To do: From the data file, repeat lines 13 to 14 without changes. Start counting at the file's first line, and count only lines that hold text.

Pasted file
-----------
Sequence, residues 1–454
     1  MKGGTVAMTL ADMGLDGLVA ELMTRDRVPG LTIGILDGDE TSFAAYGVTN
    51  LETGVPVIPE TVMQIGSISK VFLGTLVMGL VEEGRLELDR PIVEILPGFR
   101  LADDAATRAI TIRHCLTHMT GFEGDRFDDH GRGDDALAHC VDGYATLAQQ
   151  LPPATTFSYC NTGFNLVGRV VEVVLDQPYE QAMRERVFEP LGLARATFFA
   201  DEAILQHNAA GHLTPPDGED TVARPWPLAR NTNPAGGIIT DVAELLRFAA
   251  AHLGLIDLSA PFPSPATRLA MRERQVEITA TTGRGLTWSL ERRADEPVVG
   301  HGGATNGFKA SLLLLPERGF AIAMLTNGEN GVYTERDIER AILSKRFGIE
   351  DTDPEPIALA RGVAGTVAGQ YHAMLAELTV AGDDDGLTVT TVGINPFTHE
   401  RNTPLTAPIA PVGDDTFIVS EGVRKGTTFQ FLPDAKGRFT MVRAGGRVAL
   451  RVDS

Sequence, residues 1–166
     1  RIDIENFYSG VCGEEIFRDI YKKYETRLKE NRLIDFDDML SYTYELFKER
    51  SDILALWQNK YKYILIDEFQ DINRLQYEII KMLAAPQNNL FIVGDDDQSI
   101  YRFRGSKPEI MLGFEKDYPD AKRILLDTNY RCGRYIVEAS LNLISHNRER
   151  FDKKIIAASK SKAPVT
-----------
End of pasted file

     1  RIDIENFYSG VCGEEIFRDI YKKYETRLKE NRLIDFDDML SYTYELFKER
    51  SDILALWQNK YKYILIDEFQ DINRLQYEII KMLAAPQNNL FIVGDDDQSI